Jump to content

The Fountain Pen Network uses (functional) cookies. Read the FPN Privacy Policy for more info.  To remove this message, please click here to accept the use of cookies






Photo

Did Montegrappa Make A Ringtop?

pens ringtop montegrappa

  • Please log in to reply
3 replies to this topic

#1 sidthecat

sidthecat

    Antique

  • Member - Gold

  • PipPipPipPipPipPipPipPipPip
  • 2,850 posts
  • Location:Los Angeles
  • Flag:

Posted 23 May 2017 - 20:27

I bought a pen the other day - a blue ringtop advertised as a Montegrappa. If it is, it goes a long way back, since demand for this design of pen went extinct in the Thirties - not unlike the very sudden extinction of the dinosaurs at the end of the Cretaceous.

 

Has anyone ever seen one?



Sponsored Content

#2 MarcShiman

MarcShiman

    Inspiring Discovery

  • FPN Mabie Todd Group Moderators

  • PipPipPipPipPipPipPipPip
  • 920 posts
  • Location:United States

Posted 24 May 2017 - 13:39

I was a collector of vintage Italian pens for a long time, and it seems that every single ebay ad for an Italian pen suggested that it was either a subbrand of Omas or Montegrappa. I remember one fairly prominent advertiser claiming that Tabo was a subbrand of Omas!

 

It may have been that Montegrappa sold some unbranded pen parts, but we don't have particularly accurate records. What we do know is that there were hundreds of pen manufacturers back in the 1930's and 40's making pens that looked very much like one another. In particular, the pen industry of Settimo Torinese was loaded with garage-type pen assemblers, sharing clips, caps, cap bands, nibs etc with one another. Many of these no-name pens looked very much like (actually, blatant ripoffs of) Montegrappa and Omas pens. Ring tops weren't all that common - often called "princess" pens.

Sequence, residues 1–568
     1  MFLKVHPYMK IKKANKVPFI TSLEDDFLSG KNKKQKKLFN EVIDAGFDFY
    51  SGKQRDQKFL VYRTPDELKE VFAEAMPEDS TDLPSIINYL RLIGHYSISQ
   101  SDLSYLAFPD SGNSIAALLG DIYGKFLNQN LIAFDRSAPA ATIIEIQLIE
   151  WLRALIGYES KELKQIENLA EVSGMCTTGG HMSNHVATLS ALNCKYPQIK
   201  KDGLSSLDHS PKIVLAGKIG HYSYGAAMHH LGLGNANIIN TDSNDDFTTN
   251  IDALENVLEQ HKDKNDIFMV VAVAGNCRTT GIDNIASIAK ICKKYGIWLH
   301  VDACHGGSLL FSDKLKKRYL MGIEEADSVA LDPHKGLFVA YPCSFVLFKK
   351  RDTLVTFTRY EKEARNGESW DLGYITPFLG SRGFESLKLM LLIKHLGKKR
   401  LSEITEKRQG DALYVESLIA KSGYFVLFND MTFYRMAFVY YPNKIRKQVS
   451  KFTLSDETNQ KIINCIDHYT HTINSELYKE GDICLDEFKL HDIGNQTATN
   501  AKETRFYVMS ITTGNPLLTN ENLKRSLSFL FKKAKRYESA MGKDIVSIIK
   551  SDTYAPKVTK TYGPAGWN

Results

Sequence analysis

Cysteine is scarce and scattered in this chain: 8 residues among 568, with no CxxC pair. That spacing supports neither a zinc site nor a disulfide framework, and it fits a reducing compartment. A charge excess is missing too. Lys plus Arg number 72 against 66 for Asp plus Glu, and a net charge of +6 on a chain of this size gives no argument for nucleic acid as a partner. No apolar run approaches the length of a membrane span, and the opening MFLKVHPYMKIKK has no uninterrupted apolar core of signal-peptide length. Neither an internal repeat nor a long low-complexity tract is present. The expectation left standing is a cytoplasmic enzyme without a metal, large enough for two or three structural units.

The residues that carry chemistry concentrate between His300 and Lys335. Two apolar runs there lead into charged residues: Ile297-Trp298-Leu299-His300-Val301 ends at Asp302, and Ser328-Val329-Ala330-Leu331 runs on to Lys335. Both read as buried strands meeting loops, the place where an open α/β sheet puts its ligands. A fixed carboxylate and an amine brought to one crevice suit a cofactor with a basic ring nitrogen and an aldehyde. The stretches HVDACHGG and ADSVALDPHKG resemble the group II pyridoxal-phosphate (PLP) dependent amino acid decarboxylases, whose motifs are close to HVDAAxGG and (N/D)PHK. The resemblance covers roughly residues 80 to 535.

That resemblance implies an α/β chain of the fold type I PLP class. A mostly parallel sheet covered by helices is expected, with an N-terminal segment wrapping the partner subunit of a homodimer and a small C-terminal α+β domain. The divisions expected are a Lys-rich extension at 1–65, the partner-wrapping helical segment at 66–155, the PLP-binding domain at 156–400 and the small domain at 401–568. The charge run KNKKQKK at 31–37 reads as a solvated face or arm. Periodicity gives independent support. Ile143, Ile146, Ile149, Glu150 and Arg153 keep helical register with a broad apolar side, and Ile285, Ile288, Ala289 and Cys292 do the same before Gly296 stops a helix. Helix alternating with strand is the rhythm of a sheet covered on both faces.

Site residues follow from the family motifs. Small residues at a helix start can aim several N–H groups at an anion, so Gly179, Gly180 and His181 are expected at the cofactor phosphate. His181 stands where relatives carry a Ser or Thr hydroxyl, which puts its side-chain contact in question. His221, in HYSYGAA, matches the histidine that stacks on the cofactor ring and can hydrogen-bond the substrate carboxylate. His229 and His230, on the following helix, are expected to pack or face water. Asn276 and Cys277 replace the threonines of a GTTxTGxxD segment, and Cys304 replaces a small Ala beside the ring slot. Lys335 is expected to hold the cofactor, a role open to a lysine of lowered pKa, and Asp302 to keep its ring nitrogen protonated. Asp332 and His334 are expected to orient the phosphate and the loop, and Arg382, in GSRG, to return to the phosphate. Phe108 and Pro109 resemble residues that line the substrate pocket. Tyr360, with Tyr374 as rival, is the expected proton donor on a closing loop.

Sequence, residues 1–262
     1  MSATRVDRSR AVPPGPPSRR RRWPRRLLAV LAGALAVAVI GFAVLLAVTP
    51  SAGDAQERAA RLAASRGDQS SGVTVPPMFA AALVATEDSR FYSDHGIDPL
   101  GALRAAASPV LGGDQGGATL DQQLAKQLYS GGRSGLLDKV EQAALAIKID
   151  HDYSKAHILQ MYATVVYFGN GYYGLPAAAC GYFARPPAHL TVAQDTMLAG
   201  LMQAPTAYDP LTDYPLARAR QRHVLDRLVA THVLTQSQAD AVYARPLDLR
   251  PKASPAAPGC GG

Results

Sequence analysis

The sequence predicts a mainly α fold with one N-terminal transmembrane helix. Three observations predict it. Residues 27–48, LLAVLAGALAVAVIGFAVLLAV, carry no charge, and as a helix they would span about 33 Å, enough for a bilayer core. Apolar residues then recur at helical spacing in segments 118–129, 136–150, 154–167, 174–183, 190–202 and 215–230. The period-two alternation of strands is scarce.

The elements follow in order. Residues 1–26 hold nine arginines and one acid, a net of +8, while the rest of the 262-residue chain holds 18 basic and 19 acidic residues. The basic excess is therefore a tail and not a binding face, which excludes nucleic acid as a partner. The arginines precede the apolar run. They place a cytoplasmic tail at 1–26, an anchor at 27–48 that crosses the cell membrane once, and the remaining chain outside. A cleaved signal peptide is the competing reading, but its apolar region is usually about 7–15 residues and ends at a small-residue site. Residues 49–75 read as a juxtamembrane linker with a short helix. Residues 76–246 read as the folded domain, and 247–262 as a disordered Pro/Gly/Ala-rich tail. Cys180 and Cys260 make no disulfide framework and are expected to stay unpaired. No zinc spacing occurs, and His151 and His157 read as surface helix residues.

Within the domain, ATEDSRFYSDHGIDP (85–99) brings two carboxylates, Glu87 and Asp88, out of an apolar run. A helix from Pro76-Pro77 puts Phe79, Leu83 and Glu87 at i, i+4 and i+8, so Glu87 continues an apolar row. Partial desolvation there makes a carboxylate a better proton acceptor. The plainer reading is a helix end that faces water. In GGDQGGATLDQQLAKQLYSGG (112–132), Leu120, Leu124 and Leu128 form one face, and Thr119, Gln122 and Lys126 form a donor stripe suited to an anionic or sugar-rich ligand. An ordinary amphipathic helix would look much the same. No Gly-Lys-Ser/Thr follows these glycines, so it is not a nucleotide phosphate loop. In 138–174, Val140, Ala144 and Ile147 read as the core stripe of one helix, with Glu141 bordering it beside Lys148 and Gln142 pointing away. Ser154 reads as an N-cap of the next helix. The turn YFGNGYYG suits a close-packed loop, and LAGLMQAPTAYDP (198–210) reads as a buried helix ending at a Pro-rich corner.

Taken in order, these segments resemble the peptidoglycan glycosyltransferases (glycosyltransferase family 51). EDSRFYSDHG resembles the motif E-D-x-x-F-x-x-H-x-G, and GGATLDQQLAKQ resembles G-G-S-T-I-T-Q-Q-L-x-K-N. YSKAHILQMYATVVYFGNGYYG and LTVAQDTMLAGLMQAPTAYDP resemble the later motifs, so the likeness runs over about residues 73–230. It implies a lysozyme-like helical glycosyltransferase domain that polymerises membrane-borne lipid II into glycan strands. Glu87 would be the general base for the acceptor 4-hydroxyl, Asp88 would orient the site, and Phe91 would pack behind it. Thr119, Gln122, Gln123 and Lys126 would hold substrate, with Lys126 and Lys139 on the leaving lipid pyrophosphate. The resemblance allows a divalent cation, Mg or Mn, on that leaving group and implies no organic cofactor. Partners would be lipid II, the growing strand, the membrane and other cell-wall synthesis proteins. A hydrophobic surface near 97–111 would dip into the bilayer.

For the most part, Montegrappa was a very low-end manufacturer, much of what it made was absolute junk. The "Extra" line of theirs was sometimes an exception, but having a vintage Montegrappa pen is no pedigree that you would want. 



#3 sidthecat

sidthecat

    Antique

  • Member - Gold

  • PipPipPipPipPipPipPipPipPip
  • 2,850 posts
  • Location:Los Angeles
  • Flag:

Posted 24 May 2017 - 15:37

I guess I'll see what I get. I'm curious because I've seen a lot of ringtop pens listed on eBay, but Italian pens are rare and this was the first Montegrappa I'd ever seen listed. I also bought the first Reform I'd ever seen listed and it's a very nice pen, if strange. I wondered if such a pen had been seen in ads or stock lists.
Oh, well. One man's trash is...frequently another man's trash.

#4 sidthecat

sidthecat

    Antique

  • Member - Gold

  • PipPipPipPipPipPipPipPipPip
  • 2,850 posts
  • Location:Los Angeles
  • Flag:

Posted 25 July 2017 - 17:53

Update:

It's a Montegrappa, all right, a piston-filler from perhaps the Thirties. Branded on the barrel, which is a very handsome green and red-streaked celluloid. The Montasio nib was ruined, so I asked Mr. Minuskin to replace it with a very nice Waterman nib I happened to have. It's a lovely writer now, with a very sturdy feel, seemingly quite well-made.

If it's a low-end pen, Italy has a very high low-end.







Also tagged with one or more of these keywords: pens, ringtop, montegrappa



Sponsored Content




|